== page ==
[Vision2020] Separation of Church and State Protects Rights

Tom Hansen thansen at moscow.com
Fri Nov 4 07:01:26 PDT 2011

Courtesy of today's (November 4, 2011) UI Argonaut at:


Separation of church and state protects rights

max bartlett | uiargonaut.com

Right now, America faces a number of pressing issues: A weak economy, high unemployment, a growing gap between the rich and poor, a crumbling infrastructure, poor health care, and increasing poverty. 
In the midst of all this, Congress has been paralyzed. Politicians have failed again and again, to take action. Compromise has been impossible. Members of Congress, on both sides of the aisle, seem uninterested in helping working Americans, and more concerned with the approval of their corporate campaign donors. 
However, the House of Representatives recently passed a resolution 396 to 9 — the most overwhelming show of bipartisanship in recent memory — to support putting the phrase “In God We Trust” on public buildings, and to “reaffirm (it) as the official motto of the United States.” 
It’s tough to say what is saddest about this story. Perhaps it is that, in the midst of an ongoing national economic crisis, the only thing Congress can agree on is a non-binding resolution. Perhaps it is that the easiest way for Congress to score political points is to say they share the beliefs of 80 percent of the country, but in a vague, inoffensive sort of way. Or maybe it is that there were only nine people in the House of Representatives willing to stand up for separation of church and state.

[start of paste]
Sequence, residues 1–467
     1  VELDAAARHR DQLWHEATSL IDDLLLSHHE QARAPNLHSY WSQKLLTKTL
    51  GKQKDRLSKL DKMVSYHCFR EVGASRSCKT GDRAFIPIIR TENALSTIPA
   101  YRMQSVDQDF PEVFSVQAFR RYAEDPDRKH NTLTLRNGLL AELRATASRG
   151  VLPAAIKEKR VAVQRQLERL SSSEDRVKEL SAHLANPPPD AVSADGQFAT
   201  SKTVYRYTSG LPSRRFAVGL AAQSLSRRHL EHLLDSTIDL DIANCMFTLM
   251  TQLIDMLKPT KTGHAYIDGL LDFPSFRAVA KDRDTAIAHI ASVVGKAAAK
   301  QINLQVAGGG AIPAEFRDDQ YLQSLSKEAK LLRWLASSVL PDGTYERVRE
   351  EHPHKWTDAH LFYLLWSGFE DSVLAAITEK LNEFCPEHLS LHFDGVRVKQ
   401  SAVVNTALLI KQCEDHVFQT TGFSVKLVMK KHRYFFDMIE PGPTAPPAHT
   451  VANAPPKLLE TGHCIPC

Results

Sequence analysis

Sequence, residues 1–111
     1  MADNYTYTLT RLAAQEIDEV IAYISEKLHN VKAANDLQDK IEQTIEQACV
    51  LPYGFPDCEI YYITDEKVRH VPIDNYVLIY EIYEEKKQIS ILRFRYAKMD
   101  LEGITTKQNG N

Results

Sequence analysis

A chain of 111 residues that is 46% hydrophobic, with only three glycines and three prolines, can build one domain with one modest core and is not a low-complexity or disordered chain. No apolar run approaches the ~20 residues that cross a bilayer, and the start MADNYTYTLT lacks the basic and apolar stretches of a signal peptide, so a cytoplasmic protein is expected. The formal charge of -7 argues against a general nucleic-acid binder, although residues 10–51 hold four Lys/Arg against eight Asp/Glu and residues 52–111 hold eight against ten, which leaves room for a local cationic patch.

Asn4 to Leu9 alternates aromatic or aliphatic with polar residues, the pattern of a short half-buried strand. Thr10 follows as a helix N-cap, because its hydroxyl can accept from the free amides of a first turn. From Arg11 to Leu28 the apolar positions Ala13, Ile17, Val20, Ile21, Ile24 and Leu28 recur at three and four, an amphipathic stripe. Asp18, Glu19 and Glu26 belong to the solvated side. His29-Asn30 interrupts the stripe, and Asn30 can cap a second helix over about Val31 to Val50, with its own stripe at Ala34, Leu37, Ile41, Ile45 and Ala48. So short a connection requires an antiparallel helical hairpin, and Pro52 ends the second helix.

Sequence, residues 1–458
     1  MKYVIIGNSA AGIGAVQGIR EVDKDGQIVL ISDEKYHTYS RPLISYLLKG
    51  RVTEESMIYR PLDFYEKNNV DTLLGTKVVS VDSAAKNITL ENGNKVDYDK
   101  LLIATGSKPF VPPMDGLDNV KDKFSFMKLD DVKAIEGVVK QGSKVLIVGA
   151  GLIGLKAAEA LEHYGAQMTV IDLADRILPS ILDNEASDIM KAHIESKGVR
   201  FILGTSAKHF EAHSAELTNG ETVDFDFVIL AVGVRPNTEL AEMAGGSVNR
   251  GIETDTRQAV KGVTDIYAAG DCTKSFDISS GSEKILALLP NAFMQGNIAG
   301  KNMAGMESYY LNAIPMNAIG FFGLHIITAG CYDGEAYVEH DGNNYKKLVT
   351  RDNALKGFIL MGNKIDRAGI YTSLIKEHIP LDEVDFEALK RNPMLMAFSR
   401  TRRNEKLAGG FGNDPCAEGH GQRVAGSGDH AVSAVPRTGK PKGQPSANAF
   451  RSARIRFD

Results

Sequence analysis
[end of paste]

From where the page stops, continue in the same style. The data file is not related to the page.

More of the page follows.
Some politicians find it easy to forget that America is not a “Christian nation.” About 80 percent of our population identifies with a Christian denomination, but that does not make the U.S. Christian. We have a white majority as well, but few people would call America a “white nation.” And they forget the Constitution exists to defend the rights of the minority and defines separation between church and state to protect the right of Americans to choose their own beliefs.
Naming “In God We Trust” as America’s “official motto” undermines that separation. It attempts to label America a Christian nation, rather than one with a Christian majority. 
Much of the modern American obsession with conflating God and government goes back to the Cold War: “Under God” was added to the Pledge of Allegiance as a way of separating America from the “Godless” Soviet Union. Others may claim that America was founded as a Christian nation, yet many of the Founding Fathers were not Christians. Thomas Jefferson even rewrote the Bible to fit what he thought Christianity should be. The Founders would hardly fit the modern conservative or evangelical definition of Christian.
Aside from the question of church and state and the popular myth of a Christian America, the resolution is a distraction. A convenient social issue meant to appeal to a broad demographic of voters. Congress would prefer we discuss the merits of “In God We Trust” rather than the other problems facing America. But it’s not just the wall between church and state that we should be concerned with: It’s the lack of a wall between state and Wall Street.

Seeya round town, Moscow.

Tom Hansen
Moscow, Idaho

"Honest and true,
As the morning star.
Vote for just two,
Ament and Lamar."

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